Alf refuses to sell, but the bulldozers move in, his local pub is boarded up and workmen begin to gut the neighbouring houses. Finally, Alf arrives home to find Else, Mike and Rita packing up and moving to the new tower block, where the council offer luxuries such as an indoor toilet. Defeated, Alf finally follows . But as he arrives at the brutalist concrete block, he realises he doesn’t know the apartment number. He begins knocking on doors as, on a lower level, the family go out to the cinema.

When the TV series returned in 1970, the climax of the movie was ignored and the Garnett’s were still settled in their terraced house*. Set against the context of the TV series, the end of the movie may be disconcerting, but it’s a small price to pay. The film itself hangs together well. Perhaps because the movie had to pass the British Board of Film censors, there are few of Garnett’s more outrageous racial comments and most of those are filtered through the wartime sequences ( although one slightly ugly scene with actress Cleo Sylvestre is singled out for inclusion in the original trailer, suggesting that the producers were trying to capitalise on the controversy of the TV shows).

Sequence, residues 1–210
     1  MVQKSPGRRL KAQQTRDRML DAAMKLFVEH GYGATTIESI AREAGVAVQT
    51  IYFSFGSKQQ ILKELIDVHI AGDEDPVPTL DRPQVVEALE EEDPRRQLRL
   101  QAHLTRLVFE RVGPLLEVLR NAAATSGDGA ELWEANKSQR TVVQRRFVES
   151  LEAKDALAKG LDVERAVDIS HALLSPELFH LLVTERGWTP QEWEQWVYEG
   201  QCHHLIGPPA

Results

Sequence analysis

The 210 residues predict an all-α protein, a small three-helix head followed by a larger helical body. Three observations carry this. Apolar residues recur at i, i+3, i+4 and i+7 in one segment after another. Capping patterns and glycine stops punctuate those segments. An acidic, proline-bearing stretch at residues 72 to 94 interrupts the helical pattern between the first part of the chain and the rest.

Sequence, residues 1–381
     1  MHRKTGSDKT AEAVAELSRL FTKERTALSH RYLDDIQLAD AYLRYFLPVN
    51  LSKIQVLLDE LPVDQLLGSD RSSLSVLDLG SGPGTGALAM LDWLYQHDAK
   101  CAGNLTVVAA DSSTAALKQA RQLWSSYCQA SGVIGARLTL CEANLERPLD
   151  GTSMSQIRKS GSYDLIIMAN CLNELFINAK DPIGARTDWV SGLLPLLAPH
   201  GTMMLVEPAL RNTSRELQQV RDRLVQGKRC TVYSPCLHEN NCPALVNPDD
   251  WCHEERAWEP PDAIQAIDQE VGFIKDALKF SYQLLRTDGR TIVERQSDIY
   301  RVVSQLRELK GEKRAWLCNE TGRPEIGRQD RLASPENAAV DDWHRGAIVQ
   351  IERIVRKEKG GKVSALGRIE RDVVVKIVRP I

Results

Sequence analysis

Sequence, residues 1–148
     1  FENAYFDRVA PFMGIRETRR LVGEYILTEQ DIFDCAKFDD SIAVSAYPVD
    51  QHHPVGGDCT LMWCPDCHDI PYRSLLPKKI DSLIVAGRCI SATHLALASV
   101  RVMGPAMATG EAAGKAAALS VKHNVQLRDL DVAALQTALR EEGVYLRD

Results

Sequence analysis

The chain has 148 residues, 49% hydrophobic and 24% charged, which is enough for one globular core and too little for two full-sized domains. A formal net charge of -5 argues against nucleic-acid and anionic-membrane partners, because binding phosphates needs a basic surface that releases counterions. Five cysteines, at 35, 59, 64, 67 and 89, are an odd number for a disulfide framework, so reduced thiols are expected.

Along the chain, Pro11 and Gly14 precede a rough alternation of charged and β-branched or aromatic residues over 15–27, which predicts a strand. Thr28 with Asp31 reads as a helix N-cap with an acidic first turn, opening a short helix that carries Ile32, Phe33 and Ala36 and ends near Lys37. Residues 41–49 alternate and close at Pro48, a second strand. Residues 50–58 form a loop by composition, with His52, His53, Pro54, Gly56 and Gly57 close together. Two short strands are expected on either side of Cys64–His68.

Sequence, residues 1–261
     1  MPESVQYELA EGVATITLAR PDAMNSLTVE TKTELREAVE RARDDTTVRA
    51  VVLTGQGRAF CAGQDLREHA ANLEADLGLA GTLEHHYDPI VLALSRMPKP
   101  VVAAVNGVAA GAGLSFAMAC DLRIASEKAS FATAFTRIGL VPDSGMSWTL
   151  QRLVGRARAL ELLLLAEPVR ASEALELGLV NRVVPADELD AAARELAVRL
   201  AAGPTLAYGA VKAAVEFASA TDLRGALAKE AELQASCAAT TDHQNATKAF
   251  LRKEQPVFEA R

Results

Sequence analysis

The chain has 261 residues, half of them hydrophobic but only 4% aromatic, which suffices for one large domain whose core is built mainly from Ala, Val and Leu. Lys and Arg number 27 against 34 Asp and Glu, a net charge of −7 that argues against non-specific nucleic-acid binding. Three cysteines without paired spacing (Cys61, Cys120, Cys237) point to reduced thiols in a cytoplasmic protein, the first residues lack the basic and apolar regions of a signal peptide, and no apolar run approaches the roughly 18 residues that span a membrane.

However, the movie is generally funny, if you can be entertained by seeing man at his most craven and self-interested. The scene where Alf, craving some milk for his tea at a time of wartime rationing, snatches baby Rita’s milk bottle and tries to unobtrusively lighten his tea before Else comes back in the room has echoes of Laurel and Hardy .

The other point of note is that the film is pretty representative of the British comedy scene in 1969 with uncredited background characters being played by now familiar faces. Michael Robbins from On The Buses plays the landlord of Alf’s local (who refuses to give credit when the Blitz begins on the basis that his customers may be killed before they can settle up) while Bob Grant from the same show is one of the pub regulars. A restrained Brian Blessed plays an Anti Aircraft Gun Sergeant, who takes an interest one of of Alf’s neighbours. She is played by Kate Williams, who would go on to star in ITV’s Love Thy Neighbour (where bigoted Eddie Booth (Jack Smethurst) would refuse to watch the BBC because they had “That Man, and his uncouth language!”. Tommy Godfrey , from the same show , is another of Alf’s pub audience.

*In ‘Dock Pilfering’ (11 October 1972) Alf is gloating that the house is now worth £20,000 under a Tory Government, whereas it was only worth £600 under Labour. When Mike counters that it is just inflation, Alf retorts that, “According to Labour” the £2.00 a week Mike pays in rent is now worth only 25 shillings (£1.25). So, “On the black day you married my daughter and moved in here you were paying £2.00 a week rent in a £600 house. But, now thanks to me and the Tory Government, you’re only paying 25 shillings rent for a room in a £20,000 house! Under us, YOU’VE GOT ON!”

Dr Who: The Ascension of the Chibnall

Uncategorised Posted on Sat, February 29, 2020 07:33:38